Marj Watkins shares her home remedies used by her family. Kitchen Medicine Part VI includes vaginal infection or irritation, vein problems, and wounds.
"After thirty," says the proverb, "you're either a fool or your own physician." Maybe before thirty, too … especially if you live in an isolated spot and/or have a big bump of independence. Of course, you're a bigger fool still if you meddle with a serious or persistent condition … but both you and your overworked doctor will be better off if you can prevent or cure your own minor ills … as Marj Watkins began pointing out in MOTHER EARTH NEWS NO. 28. Here's the final installment of the health hints that work for her family.
Vaginal inflammations seem to occur inevitably when a woman's body is short of vitamins A and E. The problems will usually subside when 100,000 units of vitamin A and 200 of vitamin E are taken daily for three days.
A douche of one tablespoon of vinegar to a quart of water will combat yeasts and fungi and can be used daily to fight infection by these organisms or by bacteria. Used occasionally, it will keep Monilia fungus at bay.
Gentian violet, prepared as a suppository and sold on prescription, is the most effective remedy for trichomonad and Monilia infections. Doctors often hesitate to prescribe this medicine because it's a strong dye . . . but that's no problem when a tampon is used with the suppository.
VARICOSE VEINS: Although they often begin with a pregnancy, varicose veins can happen to anybody. To make them go away, or at least not get worse, rest with your legs above hip level five minutes out of each hour if at all possible. (Use a slant-board . . . perhaps your ironing board with one end on the floor and the other on a sofa.)
Wear good support hose. Finish every bath with cold water applied to the varicose-vein area to firm your skin, or apply alternate hot and cold packs to your elevated legs. Do bicycling exercises with your legs in the air.
Increase the oxygen in your bloodstream by learning to breathe with your entire lungs. Walk daily, fifteen minutes at first and working up to an hour. Afterward, rest on your back with your legs raised. Sit up slowly to avoid dizziness.
Take 1,000 milligrams of vitamin C night and morning, with vitamin E as directed under ACHES AND PAINS (MOTHER EARTH NEWS NO. 29). Drink a glass of milk at the same time for calcium, protein, and other helpful elements.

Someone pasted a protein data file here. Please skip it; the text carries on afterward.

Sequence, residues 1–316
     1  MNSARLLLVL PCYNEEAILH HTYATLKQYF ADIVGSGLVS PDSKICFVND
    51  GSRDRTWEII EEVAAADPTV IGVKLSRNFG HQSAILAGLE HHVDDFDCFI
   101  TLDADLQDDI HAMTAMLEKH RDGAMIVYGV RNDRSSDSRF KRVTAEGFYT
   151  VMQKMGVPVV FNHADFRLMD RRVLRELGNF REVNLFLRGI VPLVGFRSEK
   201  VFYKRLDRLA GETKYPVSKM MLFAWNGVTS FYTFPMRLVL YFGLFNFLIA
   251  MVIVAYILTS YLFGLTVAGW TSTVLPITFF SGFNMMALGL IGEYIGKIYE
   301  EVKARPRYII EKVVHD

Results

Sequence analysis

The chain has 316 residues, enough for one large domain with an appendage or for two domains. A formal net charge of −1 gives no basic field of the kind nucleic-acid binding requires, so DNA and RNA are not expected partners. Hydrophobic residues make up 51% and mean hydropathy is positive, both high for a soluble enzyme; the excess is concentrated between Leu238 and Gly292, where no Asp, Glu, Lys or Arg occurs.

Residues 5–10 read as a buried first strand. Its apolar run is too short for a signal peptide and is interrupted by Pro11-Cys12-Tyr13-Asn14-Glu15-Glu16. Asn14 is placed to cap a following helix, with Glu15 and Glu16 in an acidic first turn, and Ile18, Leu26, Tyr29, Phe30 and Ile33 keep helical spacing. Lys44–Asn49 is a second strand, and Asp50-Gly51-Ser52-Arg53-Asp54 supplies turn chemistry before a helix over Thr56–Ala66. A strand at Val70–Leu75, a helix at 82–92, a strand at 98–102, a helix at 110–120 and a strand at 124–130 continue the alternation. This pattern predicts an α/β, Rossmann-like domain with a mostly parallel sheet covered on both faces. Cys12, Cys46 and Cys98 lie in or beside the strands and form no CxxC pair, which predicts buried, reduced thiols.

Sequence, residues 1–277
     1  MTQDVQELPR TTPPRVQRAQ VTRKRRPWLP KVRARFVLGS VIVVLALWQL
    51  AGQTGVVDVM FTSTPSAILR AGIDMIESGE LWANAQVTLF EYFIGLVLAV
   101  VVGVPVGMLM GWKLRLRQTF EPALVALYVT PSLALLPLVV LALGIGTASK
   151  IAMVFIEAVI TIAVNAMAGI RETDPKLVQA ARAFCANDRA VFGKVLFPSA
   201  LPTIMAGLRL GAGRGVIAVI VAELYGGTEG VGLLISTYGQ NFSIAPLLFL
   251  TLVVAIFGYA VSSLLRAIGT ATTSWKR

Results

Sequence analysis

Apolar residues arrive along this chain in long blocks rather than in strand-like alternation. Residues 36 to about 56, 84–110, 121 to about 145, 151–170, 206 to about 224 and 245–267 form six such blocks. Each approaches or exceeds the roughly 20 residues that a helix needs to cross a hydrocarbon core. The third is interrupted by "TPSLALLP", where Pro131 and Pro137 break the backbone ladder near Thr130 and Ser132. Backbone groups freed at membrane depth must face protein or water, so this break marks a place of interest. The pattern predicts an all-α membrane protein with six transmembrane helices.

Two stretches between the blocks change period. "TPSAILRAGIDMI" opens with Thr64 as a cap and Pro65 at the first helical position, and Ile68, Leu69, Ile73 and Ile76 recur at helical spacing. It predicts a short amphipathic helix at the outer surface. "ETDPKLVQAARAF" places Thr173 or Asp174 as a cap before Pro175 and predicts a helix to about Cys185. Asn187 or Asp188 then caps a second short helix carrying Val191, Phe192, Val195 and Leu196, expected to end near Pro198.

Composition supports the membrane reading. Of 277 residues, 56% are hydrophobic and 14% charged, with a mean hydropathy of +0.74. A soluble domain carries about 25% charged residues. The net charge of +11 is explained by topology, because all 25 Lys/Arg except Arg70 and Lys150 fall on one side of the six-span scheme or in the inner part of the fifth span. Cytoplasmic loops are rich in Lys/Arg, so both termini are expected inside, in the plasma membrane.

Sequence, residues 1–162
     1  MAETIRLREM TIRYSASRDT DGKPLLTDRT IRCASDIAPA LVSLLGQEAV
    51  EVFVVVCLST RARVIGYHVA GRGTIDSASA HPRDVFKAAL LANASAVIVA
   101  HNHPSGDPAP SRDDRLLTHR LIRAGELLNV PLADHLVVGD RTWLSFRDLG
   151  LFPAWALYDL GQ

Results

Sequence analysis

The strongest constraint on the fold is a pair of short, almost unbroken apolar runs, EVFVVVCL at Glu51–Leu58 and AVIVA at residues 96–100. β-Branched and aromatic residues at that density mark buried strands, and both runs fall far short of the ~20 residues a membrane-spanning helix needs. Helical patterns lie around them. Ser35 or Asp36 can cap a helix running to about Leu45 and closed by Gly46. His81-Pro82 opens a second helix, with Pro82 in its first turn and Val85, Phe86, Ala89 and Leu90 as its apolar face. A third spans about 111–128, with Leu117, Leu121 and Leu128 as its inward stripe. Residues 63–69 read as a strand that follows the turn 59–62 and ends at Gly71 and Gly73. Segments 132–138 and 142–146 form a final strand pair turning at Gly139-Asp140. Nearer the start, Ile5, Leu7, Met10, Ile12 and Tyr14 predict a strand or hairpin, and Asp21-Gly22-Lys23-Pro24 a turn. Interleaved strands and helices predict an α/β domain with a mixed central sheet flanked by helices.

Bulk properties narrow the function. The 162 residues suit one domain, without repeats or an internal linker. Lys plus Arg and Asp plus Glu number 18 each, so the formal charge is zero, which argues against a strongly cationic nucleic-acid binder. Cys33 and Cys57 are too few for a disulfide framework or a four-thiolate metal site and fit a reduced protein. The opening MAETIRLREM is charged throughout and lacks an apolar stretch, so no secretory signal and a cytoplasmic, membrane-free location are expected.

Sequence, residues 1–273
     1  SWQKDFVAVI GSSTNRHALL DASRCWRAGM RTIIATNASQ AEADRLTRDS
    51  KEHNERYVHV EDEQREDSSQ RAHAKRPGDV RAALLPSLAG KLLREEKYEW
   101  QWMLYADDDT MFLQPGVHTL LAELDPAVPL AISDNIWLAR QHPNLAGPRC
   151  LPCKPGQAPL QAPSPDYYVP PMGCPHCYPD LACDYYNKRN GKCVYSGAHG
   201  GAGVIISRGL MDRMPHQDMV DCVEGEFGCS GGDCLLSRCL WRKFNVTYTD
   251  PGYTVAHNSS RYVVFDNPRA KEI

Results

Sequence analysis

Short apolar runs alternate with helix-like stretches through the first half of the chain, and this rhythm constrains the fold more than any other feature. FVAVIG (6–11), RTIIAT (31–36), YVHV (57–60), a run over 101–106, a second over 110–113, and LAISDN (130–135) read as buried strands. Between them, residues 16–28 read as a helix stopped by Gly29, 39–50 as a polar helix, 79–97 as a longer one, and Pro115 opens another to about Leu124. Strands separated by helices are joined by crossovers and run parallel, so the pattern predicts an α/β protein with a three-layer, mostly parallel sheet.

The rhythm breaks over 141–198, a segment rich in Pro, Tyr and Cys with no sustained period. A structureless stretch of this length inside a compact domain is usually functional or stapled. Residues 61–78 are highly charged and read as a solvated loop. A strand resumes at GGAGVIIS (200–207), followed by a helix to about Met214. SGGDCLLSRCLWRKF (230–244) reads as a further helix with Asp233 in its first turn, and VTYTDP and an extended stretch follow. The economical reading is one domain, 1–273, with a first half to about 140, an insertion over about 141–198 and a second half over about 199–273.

HEMMORRHOIDS: To prevent this trouble, keep the bowels functioning well with plenty of raw fruits and vegetables, fruit juices, dried prunes and figs, and herb teas. Keep the abdominal muscles trim by walking, swimming, and bicycling.
To overcome hemorrhoids, eat cottage cheese, poached fish, applesauce, soybean products, lentils, dried and fresh peas, stir-fried assorted vegetables, mashed potatoes (dice small and cook without peeling), and butter or gravy. Don't eat sugar, candy, or white flour products or drink coffee or strong tea. These give you nothing but calories or stimulation, while robbing you of essential B vitamins.
PHLEBITIS: This condition is the inflammation of a vein, with swelling, itching, burning, and sometimes a general physical upset. It probably won't happen to you if you eat well and exercise faithfully. If it does, go at once to your vitamin C source and take 1,000 units with milk at each meal, between meals, and at bedtime.
Also take vitamin E, beginning with 100 units each morning. In a few days, add another 100 units at night. After a few more days, increase again. Some very active people control vein problems with 600 to 800 units of vitamin E daily, but you may find 200 enough in combination with leg-up rest and cold packs. Honey and peach kernel oil lotion gently massaged into the skin will relieve itching. Eat plenty of parsley, liver, whole grains, and dairy products.
Puncture a vitamin E capsule and squeeze the oil onto the wart. Cover the area with a Band-Aid. Repeat the treatment daily for three days.
A healthy, happy person who is in tune with the rest of the universe doesn't attract accidents or hurts . . . but it sometimes happens that a barefoot child, for instance, in a moment of doubt or inattention steps on a piece of glass left by some out-of-tune individual.
If there is much bleeding, elevate the wounded part and press against the injury with a clean cloth or a handful of grass or soft leaves. Any dirt or foreign matter in the wound will prevent healing and must be gently removed. If there is none, just bandage the injury . . . the blood will have washed it. A hurt that has not bled well should be cleaned with mild soap and water and then bandaged. No other antiseptic is needed.
It's necessary to keep the injury, and the skin around it, protected with a bandage and a sock or other clothing. Otherwise new dirt can get in and cause infection later. If infection does set in, soak the part several times a day in a salt solution as hot as can be borne.
I'll conclude this series with my recipe for good health. It's really not a fountain but a cornucopia: an abundant assortment of fruits and vegetables, as fresh from the earth as possible, grown without insecticides or artificial fertilizers.
My stay-young formula also includes sea vegetables — kelp, dulse, bladder wrack, and sea lettuce — for their 67 different minerals. I use them in oyster stew, clam and fish chowders, sneak ground kelp into beef stew, meatballs, herb-fried chicken, sesame-coated baked fish, and shepherd's pie. Anywhere a land herb can go, sea herbs can go too, accompanied by basil, marjoram, ginger, cumin, thyme, or whatever. In a recipe for four or five people I use one-half to one teaspoon of ground kelp, depending on the dish. One can also stir a teaspoon of kelp into a glass of tomato juice for a morning pickup.
Well, that's it . . . the simple methods of prevention and healing that keep our family in good shape and out of the doctor's office. I hope they work as well for you as they have for us.